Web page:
Direct vasodilators — Direct vasodilators relax or reduce the tone of blood vessels. The two drugs in this class are hydralazine and minoxidil. Minoxidil is typically used in only severe or resistant high blood pressure.
Side effects — Side effects associated with direct vasodilators include headache, constipation, swelling in the lower legs, and rapid heartbeat. These effects are usually minimized by combining the vasodilator with a beta blocker. Minoxidil also may cause excessive hair growth. Rogaine, which is used to treat baldness, is a form of minoxidil that is applied to the skin.
THE PROPER HIGH BLOOD PRESSURE MEDICATION FOR YOU
A healthcare provider will take several factors into account when determining which antihypertensive drug should be tried first. In addition to considering the effectiveness and potential side effects, he or she will consider the person's general health, sex, age, and race; the severity of the high blood pressure; any additional, underlying medical conditions; and whether particular drugs should not be used.
Certain antihypertensive drugs are specifically recommended for the treatment of particular conditions, even if the person does not have high blood pressure. In many cases, a person with one of these conditions also has high blood pressure. As examples:
●An angiotensin-converting enzyme (ACE) inhibitor is recommended for people with diabetes mellitus who have increased levels of protein in the urine (proteinuria), heart failure, or a prior heart attack. (See "Patient education: Preventing complications in diabetes mellitus (Beyond the Basics)".)
●Beta blockers are recommended for people with heart failure or a prior heart attack. (See "Patient education: Heart failure (Beyond the Basics)" and "Patient education: Heart attack recovery (Beyond the Basics)".)
●Beta blockers or calcium channel blockers are recommended to control symptoms in people with angina pectoris, which is temporary chest pain caused by an inadequate oxygen supply to heart muscle in patients with coronary artery disease. (See "Patient education: Medications for angina (Beyond the Basics)".)
There are also certain antihypertensive agents that are not recommended in some people. Some examples include:
●ACE inhibitors and angiotensin II receptor blockers (ARBs) (and many other medications not used to treat high blood pressure) are not recommended during pregnancy.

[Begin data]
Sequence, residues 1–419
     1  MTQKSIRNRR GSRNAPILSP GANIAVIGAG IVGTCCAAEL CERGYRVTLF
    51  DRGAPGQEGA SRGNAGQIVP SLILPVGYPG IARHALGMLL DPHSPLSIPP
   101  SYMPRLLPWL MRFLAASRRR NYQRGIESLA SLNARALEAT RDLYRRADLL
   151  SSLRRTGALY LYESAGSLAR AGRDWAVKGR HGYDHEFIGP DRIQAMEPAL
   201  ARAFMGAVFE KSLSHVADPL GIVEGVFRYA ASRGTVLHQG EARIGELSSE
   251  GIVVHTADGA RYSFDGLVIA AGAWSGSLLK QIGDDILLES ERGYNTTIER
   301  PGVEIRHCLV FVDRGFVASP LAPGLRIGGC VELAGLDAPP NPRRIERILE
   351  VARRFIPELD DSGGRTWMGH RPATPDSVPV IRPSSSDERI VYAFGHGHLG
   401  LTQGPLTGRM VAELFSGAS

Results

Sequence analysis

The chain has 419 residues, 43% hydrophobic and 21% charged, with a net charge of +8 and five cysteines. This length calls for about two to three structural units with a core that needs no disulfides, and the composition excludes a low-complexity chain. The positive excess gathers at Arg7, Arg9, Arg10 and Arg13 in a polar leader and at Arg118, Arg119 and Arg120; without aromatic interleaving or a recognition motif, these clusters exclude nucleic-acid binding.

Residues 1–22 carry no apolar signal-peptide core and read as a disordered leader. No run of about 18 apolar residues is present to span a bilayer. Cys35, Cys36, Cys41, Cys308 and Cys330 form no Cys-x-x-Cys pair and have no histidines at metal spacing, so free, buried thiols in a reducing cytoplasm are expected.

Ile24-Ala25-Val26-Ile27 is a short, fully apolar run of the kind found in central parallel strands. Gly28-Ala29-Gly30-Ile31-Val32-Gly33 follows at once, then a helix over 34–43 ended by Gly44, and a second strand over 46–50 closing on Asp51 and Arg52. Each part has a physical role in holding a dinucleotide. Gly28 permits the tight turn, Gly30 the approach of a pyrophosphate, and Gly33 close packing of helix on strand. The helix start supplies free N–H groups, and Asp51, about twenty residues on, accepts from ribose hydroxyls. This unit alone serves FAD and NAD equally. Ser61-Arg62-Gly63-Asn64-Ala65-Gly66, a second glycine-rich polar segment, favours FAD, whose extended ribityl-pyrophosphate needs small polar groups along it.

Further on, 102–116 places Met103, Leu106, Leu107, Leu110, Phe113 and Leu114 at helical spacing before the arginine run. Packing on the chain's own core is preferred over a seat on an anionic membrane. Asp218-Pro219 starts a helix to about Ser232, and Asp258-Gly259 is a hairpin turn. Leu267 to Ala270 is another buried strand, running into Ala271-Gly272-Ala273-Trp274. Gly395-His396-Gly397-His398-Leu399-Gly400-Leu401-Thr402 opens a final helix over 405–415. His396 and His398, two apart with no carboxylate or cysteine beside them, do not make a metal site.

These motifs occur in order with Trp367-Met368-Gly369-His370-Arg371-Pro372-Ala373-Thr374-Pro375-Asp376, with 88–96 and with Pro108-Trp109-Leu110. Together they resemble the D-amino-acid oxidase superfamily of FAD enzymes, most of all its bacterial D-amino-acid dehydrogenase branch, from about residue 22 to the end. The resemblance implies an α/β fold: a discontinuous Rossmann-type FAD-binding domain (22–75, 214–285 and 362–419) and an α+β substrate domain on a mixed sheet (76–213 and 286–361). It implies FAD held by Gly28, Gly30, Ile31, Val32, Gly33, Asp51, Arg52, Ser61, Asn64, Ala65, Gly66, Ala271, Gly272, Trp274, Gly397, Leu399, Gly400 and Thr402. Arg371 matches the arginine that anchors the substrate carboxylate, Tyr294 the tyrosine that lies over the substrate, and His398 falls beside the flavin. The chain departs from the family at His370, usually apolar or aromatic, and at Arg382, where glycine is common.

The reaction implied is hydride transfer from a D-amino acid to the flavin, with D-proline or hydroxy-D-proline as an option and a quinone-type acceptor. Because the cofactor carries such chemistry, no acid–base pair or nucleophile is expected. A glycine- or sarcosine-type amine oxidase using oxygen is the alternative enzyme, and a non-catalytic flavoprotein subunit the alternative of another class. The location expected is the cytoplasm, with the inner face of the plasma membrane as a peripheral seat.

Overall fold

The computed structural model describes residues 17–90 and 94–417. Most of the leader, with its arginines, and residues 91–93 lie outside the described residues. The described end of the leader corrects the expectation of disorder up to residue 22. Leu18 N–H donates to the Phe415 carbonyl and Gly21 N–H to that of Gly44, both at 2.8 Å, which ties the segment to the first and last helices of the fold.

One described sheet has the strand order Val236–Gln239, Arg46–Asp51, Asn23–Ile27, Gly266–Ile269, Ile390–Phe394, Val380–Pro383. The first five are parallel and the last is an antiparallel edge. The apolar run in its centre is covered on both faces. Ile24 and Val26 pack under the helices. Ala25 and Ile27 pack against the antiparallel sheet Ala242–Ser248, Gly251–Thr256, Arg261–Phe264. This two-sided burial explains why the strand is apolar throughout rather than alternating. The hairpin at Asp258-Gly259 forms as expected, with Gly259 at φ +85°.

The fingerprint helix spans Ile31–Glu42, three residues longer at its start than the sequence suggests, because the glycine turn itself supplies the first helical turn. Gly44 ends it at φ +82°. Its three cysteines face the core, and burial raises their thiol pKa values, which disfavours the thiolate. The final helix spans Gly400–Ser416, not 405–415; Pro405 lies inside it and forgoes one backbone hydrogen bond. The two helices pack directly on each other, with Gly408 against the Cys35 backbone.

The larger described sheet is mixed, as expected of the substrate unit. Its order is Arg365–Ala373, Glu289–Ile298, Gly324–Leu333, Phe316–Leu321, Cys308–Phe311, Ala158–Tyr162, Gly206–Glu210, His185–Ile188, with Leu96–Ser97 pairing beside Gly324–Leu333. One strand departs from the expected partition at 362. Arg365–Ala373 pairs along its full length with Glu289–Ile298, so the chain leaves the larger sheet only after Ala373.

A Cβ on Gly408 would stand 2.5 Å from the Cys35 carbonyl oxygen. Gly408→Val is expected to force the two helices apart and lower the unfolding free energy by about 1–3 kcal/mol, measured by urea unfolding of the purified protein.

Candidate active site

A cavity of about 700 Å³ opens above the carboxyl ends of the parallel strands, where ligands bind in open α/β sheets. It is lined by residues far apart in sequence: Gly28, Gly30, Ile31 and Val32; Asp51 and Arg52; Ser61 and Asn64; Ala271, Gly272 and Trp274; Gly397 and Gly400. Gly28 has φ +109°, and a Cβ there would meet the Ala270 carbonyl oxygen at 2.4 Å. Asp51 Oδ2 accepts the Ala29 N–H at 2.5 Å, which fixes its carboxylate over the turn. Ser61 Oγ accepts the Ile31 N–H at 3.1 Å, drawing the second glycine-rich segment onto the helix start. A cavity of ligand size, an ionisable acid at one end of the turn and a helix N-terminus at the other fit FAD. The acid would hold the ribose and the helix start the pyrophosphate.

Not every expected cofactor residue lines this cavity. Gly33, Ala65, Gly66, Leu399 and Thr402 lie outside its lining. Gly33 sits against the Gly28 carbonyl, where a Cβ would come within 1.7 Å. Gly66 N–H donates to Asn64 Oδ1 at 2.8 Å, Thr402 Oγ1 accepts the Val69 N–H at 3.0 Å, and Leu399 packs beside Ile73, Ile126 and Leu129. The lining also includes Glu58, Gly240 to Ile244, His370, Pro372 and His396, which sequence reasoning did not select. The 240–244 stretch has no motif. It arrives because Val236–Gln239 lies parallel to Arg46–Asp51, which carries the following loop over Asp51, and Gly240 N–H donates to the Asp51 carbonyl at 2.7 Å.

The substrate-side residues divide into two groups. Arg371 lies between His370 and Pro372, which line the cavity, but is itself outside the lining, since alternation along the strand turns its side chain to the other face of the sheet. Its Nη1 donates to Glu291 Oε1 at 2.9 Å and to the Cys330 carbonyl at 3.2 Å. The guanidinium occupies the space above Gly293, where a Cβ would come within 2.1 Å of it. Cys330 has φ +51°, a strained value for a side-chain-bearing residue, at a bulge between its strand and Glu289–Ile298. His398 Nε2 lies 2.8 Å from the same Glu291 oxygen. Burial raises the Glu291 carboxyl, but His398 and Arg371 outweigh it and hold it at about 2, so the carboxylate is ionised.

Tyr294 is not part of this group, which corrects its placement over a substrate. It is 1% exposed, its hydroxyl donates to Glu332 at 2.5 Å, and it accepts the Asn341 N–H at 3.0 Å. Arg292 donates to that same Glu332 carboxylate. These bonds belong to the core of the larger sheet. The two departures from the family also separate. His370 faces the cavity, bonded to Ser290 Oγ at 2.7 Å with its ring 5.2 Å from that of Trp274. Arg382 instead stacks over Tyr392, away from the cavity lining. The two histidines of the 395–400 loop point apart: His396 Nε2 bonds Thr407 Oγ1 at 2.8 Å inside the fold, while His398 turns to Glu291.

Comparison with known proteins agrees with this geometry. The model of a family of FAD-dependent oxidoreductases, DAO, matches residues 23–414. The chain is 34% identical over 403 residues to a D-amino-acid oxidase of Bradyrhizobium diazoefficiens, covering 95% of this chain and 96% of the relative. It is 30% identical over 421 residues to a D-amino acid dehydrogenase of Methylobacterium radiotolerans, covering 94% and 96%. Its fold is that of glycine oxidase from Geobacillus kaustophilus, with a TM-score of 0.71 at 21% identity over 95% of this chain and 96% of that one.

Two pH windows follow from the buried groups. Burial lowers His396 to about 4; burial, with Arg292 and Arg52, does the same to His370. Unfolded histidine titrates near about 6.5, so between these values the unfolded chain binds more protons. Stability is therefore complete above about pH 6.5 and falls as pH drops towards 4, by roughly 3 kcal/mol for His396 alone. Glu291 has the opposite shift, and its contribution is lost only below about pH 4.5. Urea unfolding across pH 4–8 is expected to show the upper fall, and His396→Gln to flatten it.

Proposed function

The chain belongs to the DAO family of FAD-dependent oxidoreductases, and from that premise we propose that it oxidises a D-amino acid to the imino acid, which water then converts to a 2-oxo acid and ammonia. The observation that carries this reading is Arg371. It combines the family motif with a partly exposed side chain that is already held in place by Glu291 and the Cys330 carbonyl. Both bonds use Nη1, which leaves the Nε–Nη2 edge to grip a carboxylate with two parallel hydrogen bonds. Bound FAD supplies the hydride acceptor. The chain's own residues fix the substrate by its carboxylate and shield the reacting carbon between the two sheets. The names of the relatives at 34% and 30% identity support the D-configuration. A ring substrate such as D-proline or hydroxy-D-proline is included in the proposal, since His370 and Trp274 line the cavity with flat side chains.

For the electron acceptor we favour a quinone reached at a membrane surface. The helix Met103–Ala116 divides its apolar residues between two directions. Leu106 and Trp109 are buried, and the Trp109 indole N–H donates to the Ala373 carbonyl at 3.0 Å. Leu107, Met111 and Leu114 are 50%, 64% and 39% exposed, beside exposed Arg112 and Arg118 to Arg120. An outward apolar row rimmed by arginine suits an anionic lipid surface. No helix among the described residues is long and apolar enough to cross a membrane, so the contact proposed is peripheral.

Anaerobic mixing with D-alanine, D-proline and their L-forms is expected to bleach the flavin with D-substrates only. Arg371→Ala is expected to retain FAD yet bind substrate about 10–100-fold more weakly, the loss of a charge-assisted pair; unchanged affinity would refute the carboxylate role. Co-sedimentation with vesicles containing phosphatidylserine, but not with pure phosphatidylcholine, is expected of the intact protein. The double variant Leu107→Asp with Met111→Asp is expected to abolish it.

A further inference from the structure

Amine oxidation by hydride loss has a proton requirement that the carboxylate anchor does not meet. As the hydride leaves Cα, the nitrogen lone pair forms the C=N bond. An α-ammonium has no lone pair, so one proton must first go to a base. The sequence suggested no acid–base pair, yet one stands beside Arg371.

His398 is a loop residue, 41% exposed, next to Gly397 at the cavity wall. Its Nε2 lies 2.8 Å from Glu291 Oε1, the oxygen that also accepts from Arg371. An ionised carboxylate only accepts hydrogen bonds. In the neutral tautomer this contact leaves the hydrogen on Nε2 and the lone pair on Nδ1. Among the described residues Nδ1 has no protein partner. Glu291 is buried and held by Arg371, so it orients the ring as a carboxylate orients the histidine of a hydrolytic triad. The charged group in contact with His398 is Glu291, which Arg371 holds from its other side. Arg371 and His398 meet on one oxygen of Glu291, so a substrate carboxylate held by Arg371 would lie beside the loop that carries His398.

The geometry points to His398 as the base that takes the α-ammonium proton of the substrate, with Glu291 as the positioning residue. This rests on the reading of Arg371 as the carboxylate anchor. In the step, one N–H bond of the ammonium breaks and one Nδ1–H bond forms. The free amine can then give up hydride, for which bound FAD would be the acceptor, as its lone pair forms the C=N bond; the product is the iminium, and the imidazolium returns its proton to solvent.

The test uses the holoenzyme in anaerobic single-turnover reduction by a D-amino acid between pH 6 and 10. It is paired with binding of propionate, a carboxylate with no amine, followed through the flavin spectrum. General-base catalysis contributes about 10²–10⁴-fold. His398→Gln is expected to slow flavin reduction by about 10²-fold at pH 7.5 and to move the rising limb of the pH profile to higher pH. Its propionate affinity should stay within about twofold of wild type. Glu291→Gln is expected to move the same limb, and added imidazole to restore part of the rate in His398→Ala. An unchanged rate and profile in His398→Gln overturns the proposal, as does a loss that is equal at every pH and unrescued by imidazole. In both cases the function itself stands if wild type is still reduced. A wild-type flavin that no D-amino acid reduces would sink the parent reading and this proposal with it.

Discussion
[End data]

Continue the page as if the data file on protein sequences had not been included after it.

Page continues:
●Diuretics can worsen gout. (See "Patient education: Gout (Beyond the Basics)".)
Thus, it is important to mention all current and previous medical problems to the healthcare provider to determine which medication is best.
Combination drug therapy — If a person has very high blood pressure (eg, 160/100 mmHg or higher), then combination therapy with two drugs at the same time rather than monotherapy with one drug may be the initial step in blood pressure treatment. In addition, some people who are first treated with one drug do not have an adequate response with good control of the blood pressure. If this happens, a second medication may be added. Other options include raising the dose of the first drug or substituting a different drug since some people will respond to a different type of high blood pressure medication.
Adding a second drug, particularly as a single-pill combination, may be:
●More effective than increasing the dose of the first drug
●Associated with fewer side effects, many of which occur more frequently with higher doses
WHERE TO GET MORE INFORMATION
Your healthcare provider is the best source of information for questions and concerns related to your medical problem.
This article will be updated as needed on our web site (www.uptodate.com/patients). Related topics for patients, as well as selected articles written for healthcare professionals, are also available. Some of the most relevant are listed below.
Patient level information — UpToDate offers two types of patient education materials.
The Basics — The Basics patient education pieces answer the four or five key questions a patient might have about a given condition. These articles are best for patients who want a general overview and who prefer short, easy-to-read materials.
Patient education: High blood pressure in adults (The Basics)
Patient education: Controlling your blood pressure through lifestyle (The Basics)
Patient education: Medicines for high blood pressure (The Basics)
Patient education: Preeclampsia (The Basics)
Patient education: Medicines for heart failure (The Basics)
Patient education: Medicines after an ischemic stroke (The Basics)